Six out of ten public company directors think Sarbanes-Oxley should be either overhauled or thrown out altogether.
Korn/Ferry International's 32nd Annual Board of Directors Study found "a growing contention that the impact of these rules has been negative… Many directors believe boards have become exceedingly wary and are not taking necessary risks to drive company growth. These directors are demanding reform."
SOX's chilling effect has also been expensive. AMR Research reported earlier this month that SOX compliance has so far cost public companies some $14 billion in the four years since the sweeping regulations heralded the post-Enron Age of Corporate Transparency. Experts expect costs to hit $20 billion by the end of this year, with most of that money going to dedicated staff, consultants, accountants and attorneys.
Twenty billion dollars. That's about equal to the country's entire holiday-season retail spending last year. It's the entire world market for recorded music. The entire economy of Sri Lanka. And it's about a billion dollars more than the United States has spent shoring up security at airports and port facilities since September 11, 2001.
For large public companies that must meet the requirements, SOX expenses run on average $1 million per $1 billion in revenue. That's going to represent a painful overhead for considerably smaller companies, which have to start complying themselves somewhere between 2007 and 2008.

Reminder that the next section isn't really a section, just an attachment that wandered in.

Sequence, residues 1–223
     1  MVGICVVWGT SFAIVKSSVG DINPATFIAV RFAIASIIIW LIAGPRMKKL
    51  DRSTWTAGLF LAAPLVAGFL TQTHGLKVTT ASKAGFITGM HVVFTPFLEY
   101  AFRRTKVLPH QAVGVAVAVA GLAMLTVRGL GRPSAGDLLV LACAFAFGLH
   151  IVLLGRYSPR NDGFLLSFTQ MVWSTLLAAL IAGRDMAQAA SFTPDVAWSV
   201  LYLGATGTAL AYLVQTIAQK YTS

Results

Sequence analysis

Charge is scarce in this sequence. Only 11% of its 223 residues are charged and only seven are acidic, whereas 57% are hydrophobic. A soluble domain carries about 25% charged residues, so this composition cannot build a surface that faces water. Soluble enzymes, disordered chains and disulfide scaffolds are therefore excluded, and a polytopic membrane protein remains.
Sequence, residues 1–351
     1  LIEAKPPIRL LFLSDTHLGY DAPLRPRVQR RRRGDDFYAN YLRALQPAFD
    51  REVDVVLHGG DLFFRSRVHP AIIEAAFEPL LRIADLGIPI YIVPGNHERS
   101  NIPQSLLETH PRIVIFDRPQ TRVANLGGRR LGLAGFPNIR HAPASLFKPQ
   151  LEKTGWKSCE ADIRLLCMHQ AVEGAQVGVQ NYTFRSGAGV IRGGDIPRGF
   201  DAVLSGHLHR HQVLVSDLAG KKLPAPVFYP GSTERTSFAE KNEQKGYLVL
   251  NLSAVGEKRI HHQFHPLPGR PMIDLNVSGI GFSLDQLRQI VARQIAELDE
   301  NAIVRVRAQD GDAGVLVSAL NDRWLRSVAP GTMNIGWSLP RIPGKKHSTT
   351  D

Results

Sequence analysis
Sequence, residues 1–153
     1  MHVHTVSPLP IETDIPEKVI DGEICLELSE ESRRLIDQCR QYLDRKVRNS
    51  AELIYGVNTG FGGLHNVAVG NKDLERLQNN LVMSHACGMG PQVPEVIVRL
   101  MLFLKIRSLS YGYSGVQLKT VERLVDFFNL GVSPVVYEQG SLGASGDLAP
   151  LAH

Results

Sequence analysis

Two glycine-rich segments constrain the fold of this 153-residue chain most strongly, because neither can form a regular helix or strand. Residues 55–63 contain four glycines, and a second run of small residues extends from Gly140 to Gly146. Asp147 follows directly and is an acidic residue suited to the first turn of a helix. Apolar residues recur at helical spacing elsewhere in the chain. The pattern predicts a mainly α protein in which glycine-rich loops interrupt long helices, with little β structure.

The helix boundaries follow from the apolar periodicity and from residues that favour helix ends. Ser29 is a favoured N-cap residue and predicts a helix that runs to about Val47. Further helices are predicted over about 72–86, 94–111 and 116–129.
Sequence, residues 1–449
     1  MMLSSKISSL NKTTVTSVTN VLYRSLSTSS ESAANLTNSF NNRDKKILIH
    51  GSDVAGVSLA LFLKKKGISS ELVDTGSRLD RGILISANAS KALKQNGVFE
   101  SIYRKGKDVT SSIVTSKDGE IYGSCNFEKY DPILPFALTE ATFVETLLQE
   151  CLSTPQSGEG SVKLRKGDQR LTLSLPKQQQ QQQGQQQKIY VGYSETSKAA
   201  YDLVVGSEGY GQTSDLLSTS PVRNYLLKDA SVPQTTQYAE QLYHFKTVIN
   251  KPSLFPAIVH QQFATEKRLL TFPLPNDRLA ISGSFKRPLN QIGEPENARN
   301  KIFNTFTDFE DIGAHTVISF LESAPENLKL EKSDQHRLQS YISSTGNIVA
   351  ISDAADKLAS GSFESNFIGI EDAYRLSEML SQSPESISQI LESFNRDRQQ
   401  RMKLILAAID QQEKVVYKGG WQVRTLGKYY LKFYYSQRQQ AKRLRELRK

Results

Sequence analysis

Has SOX regained the confidence of our nation's investors? Not much. A Wall Street Journal / Harris Interactive Poll in October found that more than three-quarters of U.S. investors between 45 and 54 believe that "financial and accounting regulations governing publicly held companies are too lenient." And only one quarter of investors thought that SOX made public companies any more transparent in communicating financial information. Ten percent of the people surveyed thought communications had become even worse.
Even so, there are still plenty of people who argue that the high costs of complying with Sarbanes-Oxley laws are nothing compared to how public companies decide to spend their money in other areas.
Said former SEC Chairman Richard Breeden yesterday: "The implementation costs are one-ten-millionth of executive pay."